About the Chaperone: From what I understood, when I first tried the Vive at MWC, the cameras were there, and with HTC’s experience with camera technology, I always thought that they were there for that reason, for the very reason we’re seeing here, and do I remember seeing in the setup guide that there was some mention of the detecting foreign objects?

CF: No, we’ve always known…like, we’ve been working and thinking about room-scale from the very beginning. This is always what we wanted to do, so we always knew we were going to have this and how it was going to work. We had separated it out, by greater degree of experimentation [and] flexibility, to see what we really needed. We had a bunch of speculation, but until you start using it and seeing “What can you really do? And what can actually work?,” you don’t know. And so we disengaged the camera iteration from the headset iteration.

TH: When I first tried to explain the new Chaperone system to people after I tried it, they didn’t seem to get how revolutionary it is. But when I thought of playing Elite: Dangerous, and the fact that it will enable you to get out of, walk around, then return to your virtual cockpit (your desk chair in real life) without taking off the HMD and breaking presence,  I realized how significant an innovation it is.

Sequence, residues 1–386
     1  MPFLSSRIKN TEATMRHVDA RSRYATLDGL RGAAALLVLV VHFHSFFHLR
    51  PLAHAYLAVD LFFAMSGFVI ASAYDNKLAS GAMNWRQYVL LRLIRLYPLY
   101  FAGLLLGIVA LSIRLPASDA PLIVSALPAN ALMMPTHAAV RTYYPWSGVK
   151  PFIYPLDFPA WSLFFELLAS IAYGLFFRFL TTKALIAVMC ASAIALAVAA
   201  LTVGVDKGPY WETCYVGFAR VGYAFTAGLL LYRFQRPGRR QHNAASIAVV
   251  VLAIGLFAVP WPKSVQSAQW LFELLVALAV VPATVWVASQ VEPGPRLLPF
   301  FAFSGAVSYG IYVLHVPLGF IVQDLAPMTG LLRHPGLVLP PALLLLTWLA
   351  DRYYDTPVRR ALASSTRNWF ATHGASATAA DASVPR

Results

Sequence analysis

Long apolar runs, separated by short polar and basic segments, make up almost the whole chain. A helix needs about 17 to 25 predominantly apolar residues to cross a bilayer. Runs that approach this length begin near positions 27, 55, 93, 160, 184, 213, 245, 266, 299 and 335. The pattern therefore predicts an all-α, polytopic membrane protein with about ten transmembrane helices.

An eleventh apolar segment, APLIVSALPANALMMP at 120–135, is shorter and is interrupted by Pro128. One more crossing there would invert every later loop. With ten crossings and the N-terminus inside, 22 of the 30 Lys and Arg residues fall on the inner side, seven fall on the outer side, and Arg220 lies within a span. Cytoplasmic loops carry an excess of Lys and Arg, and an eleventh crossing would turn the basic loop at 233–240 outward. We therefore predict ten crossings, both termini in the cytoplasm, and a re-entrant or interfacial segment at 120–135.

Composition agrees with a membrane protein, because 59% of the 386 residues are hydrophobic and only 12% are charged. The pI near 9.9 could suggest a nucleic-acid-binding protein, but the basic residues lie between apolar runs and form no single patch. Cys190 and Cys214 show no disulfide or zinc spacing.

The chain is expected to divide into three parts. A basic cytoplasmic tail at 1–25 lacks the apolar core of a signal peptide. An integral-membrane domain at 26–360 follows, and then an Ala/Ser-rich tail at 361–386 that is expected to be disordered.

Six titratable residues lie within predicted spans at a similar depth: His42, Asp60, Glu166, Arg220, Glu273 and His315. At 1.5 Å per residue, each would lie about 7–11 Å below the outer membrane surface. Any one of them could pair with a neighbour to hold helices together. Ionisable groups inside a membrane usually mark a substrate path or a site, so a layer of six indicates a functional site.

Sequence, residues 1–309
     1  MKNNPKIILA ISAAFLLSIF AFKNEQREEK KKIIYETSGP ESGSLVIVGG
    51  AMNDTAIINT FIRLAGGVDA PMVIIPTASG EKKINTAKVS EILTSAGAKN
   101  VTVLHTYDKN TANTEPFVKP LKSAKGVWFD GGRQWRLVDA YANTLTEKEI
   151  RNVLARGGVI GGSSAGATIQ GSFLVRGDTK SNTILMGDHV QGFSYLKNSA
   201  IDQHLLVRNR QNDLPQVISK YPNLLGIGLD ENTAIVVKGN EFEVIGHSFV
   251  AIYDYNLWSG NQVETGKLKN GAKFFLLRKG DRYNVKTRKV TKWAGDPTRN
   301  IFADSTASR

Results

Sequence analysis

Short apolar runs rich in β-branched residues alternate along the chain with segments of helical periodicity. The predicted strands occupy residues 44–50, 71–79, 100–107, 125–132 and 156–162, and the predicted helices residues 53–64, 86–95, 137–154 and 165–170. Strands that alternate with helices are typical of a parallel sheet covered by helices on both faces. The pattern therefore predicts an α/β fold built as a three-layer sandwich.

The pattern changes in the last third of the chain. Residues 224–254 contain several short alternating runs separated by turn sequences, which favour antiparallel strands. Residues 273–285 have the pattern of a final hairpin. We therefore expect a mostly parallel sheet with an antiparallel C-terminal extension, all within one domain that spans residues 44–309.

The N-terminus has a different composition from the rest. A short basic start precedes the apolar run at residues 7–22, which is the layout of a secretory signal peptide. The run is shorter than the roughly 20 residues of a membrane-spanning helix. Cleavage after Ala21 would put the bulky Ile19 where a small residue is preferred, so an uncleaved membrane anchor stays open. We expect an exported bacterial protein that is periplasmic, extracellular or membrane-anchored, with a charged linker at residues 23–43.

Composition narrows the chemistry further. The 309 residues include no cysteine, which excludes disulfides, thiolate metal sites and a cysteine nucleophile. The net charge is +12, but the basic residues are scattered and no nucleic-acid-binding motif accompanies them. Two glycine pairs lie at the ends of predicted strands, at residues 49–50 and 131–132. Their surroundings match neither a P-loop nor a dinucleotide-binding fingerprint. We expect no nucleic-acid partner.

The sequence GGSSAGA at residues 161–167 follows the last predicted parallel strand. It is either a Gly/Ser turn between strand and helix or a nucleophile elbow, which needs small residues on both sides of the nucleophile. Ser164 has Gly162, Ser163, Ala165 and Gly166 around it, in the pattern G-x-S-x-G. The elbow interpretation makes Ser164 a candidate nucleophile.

CF: So if it’s the first time you’re playing Elite: Dangerous, it says [to] sit down in your chair. Okay, and now stand behind it, and now [the Vive knows where you are]. In the same way that it took everyone to see VR the first time to get how special it was, I think it’s the same way with this. Because it’s so obvious, you miss how obvious it is.

TH: Being from Valve, you are working closely with developers -- any inkling of what developers have said that they’ve seen from the new tech of the Vive Pre?

CF: So there are some developers that already have it and have been getting ready for CES and the upcoming Valve Content Showcase in Seattle, but not everybody has had a unit where the camera has been working, so it’s going to be interesting to see what they do with the camera when they get a Pre.

So that’s one of the reasons why we’re going to have 7,000 dev kits go out. The idea is that every developer will get a new kit, [and] we’ll expand that group out, and the idea is to make sure that they can play with it, and to see [what] comes from it, right?

TH: What about the new Chaperone system and multi-headset usage? Can you think of a way that the new Chaperone can help in that environment?